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Have you ever wondered when your breastmilk production would start to wean off? Many mothers have also thought about this and begin to hope that it does soon, especially if they have stopped breastfeeding for certain reasons.
But when it comes to breastfeeding and your milk production, there is more to it than simply waiting.
You can find that there are tips on how to dry out your breastmilk to avoid it from overflowing and feeling the discomfort if you have stopped breastfeeding your baby already.
But how long does it take for breastmilk to dry up and how can you help quicken the process?
Read on as I show you about your breastmilk drying up and what you can do to make it start.
Why Do You Want Your Breastmilk to Dry Up?
There may be some people wondering: Why are there mothers who would like to finish up their milk supply when you can find others who need it when breastfeeding?
Some mothers choose not to breastfeed for certain reasons. It may be due to them preferring feeding them from the bottle and using milk formula, while other mothers have certain health and skin conditions that deem the breastmilk they produce unhealthy to consume.
Other times, women would like to know about when breastmilk dries up because it’s been very long since they last breastfed and they would like to know when it should be stopping before seeing a doctor or following any remedies.
If the breastmilk will not be consumed or used, then it’s best to avoid the discomfort or unexpected milk flow through drying it out. After all, mothers who aren’t breastfeeding wouldn’t want droplets leaking out of their shirt or having to breast pump to ease the discomfort.
When Should You Start Drying Up Your Breastmilk?
There are certain times when mothers would like to start weaning off their breastmilk supply.
Like mentioned, some mothers opt not to breastfeed and would rather have it dried up during the early days after giving birth. Other times, mothers have certain medical conditions that have them stop producing milk or breastfeeding, though this can be temporary or permanent (for the former, it’s best to consult a health care provider).
Mothers who have experienced a loss and would rather not pump and donate their breastmilk can also stop producing it as soon as possible.
No matter what the reason, it all boils down to when YOU want and the situation you are in. You can wean off your breastmilk supply anytime, through using various methods or waiting for the time it should stop.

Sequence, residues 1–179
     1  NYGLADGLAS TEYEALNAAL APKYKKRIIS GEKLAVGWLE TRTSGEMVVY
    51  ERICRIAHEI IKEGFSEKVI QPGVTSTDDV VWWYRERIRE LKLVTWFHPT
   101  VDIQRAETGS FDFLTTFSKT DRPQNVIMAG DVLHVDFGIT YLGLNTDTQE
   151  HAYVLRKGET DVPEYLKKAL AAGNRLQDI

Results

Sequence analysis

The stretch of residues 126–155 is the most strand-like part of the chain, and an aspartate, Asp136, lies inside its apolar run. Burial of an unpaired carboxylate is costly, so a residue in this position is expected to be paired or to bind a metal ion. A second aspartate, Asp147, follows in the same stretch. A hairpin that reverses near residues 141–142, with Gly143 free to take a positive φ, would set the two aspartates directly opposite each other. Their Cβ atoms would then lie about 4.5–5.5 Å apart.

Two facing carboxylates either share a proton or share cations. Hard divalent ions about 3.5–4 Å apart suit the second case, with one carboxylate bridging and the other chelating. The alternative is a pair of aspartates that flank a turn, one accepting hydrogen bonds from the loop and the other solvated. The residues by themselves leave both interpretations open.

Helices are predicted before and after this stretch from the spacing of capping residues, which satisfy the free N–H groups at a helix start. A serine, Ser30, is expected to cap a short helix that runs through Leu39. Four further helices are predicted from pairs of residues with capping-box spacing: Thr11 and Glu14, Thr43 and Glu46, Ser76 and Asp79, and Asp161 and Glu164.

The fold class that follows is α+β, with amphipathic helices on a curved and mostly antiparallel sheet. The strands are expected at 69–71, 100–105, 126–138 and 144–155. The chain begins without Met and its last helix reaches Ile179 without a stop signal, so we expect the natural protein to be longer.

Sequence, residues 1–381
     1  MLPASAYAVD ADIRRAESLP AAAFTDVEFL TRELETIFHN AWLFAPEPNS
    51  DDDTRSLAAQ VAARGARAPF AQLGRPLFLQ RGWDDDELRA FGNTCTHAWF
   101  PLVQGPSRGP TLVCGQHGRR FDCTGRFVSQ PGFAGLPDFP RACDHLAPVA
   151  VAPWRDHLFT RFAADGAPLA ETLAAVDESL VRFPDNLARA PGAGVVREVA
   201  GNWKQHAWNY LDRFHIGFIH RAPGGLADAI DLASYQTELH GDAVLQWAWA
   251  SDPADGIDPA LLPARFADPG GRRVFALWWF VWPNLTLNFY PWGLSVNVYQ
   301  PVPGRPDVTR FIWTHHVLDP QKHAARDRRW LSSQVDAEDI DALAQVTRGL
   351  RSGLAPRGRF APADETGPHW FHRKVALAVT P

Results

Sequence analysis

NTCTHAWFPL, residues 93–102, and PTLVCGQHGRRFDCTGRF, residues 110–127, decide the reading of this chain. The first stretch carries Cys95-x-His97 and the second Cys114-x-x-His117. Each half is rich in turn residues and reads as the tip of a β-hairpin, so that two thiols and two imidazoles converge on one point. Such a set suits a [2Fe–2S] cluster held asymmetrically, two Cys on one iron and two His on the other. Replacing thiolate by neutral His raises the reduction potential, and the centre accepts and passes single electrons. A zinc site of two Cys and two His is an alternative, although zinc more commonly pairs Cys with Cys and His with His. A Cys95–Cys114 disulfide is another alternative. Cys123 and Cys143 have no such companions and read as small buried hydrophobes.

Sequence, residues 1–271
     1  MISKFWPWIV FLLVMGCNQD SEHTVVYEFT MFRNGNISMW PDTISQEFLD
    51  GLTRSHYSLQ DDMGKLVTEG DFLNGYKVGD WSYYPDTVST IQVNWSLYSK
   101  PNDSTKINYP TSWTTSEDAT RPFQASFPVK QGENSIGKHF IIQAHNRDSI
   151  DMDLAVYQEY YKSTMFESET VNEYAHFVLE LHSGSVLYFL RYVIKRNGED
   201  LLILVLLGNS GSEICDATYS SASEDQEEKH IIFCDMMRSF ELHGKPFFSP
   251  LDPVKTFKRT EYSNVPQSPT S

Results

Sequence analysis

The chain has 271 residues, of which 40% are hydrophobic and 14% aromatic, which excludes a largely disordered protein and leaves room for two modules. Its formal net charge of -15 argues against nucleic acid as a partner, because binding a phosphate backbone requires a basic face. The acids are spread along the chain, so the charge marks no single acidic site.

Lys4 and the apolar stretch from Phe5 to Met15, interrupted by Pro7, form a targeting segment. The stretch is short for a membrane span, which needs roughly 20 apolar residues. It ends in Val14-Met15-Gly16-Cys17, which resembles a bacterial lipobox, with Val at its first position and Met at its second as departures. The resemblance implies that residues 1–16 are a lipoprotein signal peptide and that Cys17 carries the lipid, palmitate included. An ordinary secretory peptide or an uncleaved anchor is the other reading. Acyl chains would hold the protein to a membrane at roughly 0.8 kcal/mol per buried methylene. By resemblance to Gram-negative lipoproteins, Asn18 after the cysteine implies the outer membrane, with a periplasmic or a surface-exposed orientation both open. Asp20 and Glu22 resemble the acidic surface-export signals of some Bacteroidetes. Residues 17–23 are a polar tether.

If it would help ease your mind, then it’s best to contact your doctor to find out if it’s best to continue pumping breastmilk or to begin drying it up.
How Long Does It Take for Breastmilk to Dry Up?
Before knowing about how long it takes until your breastmilk begins to dry up, here’s a quick fact about milk production!
Once you have given birth and the placenta has shed completely, your body will start producing milk. This is because of prolactin, which is a hormone that is released while you nurse to make more milk.
So if you are not breastfeeding or pumping milk, then instead of prolactin, your body will soon release PIF, or prolactin inhibiting factor. This is another hormone that indicates your body doesn’t need breastmilk, drying up along the process.
Drying up your milk simply takes a few days of waiting and without any nursing. If you stop breastfeeding or pumping milk, then it will take about seven to ten days after you’re born for your body to balance out its hormones to its pre-pregnancy state.
But do take note that it may take a few weeks or months until everything is gone.
When you begin drying up your milk, your breasts may become fuller or heavier from the milk. It feels swollen and painful, so you may feel the discomfort at first and want to express milk to reduce the pain. BUT, you’ll need to do it carefully to avoid stimulating the prolactin hormone. I’ll be showing you some tips in the next sections.
Tips on Drying Up Your Breastmilk
Now that you know about when your breastmilk would usually dry up, the next question is: How can you stay comfortable while drying your breastmilk? Here are some quick tips to follow proven by mothers and studies:
- Use cold packs to relieve to pain, which will help reduce the swelling. If the coldness isn’t helping, then a warm shower may help.
- Certain anti-inflammatory medications can help relieve the pain, but you will need to check with your doctor before taking any suggested.
- Wearing cabbage leaves in your bra can help relieve engorgement, which results to dry up your milk. Make sure you wash and dry the leaves, cutting out lumpy veins to avoid pain. Cool the leaves in the fridge as well before placing it in your bra and change it every few hours.
- Do NOT bind your bra or drink medication claiming to dry up breastmilk, as they have serious side symptoms and increase the risk of blocked ducts.
When it comes to keeping your breastmilk production to the minimum until it dries up, you can do more so than to simply wait it out, as it would depend on your body as well. Through following efficient and proven tips to dry up your breastmilk, you can stay comfortable during the process and be free from droplets or the flow of milk coming in again.
I hope that this article answers your question: “How long does it take for breastmilk to dry up?” Now that you know the answers and a few tips on how to do so, why not start following any of these ways today, if needed?
If you have any questions or would like to share your tips and experiences on drying up your breastmilk supply, then comment down below. I would love to hear what you have to think.